With a population of less than 500,000 people, Kansas City is the largest city in Missouri. Somehow the population surprises me.  That’s about half the size of Austin proper, but if you add the greater-Austin area together it adds up well over 2,000,000 people. I would have guessed that St. Louis was larger than Kansas City. After all, it is known for its Gateway Arch built in the 1960s, honoring the early 19th-century explorations of Lewis and Clark and America’s westward expansion in general. “Replica paddlewheelers ply the river, offering views of the arch. The Soulard district is home to barbecue restaurants and clubs playing blues music”.


A couple of years ago when I flew from Austin to Denver, SWA (my airline of choice) routed me from Austin-to-San Diego while in route to Denver. Somehow the route to Denver this time doesn’t seem as far.  Reportedly, it is 920 miles from Austin to Denver.  It is only 737 miles to Kansas City and another 603 miles to Denver.  Consequently, I’m only traveling 420 miles out of the way. 


I can’t exactly say “I’m in the money” but the extra 420 miles will entitle me to an extra package of peanuts and a beverage of my choice. In case your wondering what I generally order, it is “spicy tomato juice”. Some folks refer to it as “bloody Mary mix”, but the mental image of that quells my taste. I don’t want to drink a bloody anything. The extra 420 miles also doubles my chances of meeting someone really interesting on the plane or in the airport.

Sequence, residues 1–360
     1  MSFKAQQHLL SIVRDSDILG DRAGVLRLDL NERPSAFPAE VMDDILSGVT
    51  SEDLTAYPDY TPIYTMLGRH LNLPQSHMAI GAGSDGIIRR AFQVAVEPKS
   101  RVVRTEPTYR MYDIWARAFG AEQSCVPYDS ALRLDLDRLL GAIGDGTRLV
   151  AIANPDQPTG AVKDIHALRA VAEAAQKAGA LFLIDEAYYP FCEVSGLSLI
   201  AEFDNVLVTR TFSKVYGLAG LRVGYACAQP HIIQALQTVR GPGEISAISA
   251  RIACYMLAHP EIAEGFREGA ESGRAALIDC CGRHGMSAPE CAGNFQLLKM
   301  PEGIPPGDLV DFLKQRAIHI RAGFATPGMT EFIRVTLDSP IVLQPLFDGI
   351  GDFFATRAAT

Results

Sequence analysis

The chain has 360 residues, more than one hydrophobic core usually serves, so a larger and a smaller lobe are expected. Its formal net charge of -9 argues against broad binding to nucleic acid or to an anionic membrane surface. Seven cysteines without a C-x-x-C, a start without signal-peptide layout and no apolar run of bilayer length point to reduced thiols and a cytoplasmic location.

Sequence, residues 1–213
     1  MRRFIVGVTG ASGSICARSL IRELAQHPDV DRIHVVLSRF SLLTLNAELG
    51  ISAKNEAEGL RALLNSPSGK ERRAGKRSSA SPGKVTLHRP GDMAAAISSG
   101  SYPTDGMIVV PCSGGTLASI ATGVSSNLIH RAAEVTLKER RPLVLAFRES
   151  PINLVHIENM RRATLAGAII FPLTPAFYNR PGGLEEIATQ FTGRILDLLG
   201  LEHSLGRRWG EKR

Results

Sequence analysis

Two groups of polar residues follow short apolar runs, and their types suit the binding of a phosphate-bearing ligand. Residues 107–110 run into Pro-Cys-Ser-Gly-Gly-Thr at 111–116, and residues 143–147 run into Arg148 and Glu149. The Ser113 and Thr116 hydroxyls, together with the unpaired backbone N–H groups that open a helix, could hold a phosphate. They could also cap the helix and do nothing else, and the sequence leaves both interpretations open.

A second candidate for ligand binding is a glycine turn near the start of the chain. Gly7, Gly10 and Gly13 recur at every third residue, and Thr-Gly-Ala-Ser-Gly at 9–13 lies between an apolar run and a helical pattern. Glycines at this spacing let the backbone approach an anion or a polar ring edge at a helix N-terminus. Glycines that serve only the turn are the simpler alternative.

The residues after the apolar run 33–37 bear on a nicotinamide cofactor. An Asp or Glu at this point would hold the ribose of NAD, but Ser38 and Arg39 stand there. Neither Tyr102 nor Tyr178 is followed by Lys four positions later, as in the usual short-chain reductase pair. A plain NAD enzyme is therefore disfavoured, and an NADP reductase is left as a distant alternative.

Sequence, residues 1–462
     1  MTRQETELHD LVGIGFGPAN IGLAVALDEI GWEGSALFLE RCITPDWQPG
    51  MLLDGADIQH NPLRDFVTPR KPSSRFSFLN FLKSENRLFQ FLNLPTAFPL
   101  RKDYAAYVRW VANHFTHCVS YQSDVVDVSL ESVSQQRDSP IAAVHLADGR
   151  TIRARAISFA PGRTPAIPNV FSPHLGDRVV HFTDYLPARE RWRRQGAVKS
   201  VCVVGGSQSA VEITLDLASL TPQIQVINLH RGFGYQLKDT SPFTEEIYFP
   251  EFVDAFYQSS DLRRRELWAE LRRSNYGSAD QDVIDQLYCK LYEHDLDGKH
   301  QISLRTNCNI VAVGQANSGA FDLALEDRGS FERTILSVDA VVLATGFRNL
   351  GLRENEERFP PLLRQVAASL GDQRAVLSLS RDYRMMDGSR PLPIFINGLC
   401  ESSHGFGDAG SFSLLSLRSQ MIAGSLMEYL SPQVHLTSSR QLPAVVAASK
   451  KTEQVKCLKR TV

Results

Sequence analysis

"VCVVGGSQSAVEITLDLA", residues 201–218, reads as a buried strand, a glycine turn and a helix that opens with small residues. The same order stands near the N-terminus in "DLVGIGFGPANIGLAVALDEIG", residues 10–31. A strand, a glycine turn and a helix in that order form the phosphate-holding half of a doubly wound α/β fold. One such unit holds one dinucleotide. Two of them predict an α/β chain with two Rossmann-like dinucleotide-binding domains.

I’ll go out of my way to be friendly and engage people in conversation.  Lord knows I’m going to have ample time to hang around in airport terminals later this morning. Why not be “that passenger” that talks to everybody?  Everyone has a story and sometimes people don’t mind sharing the details if you simply indicate some interest.


When I recently flew from Chicago to Austin, I met a delightful young woman who lives near Dripping Springs.  By the time our plane landed, we were friends. I look forward to meeting her family in a couple of weeks.


All My Best!

Apple Computer, Inc.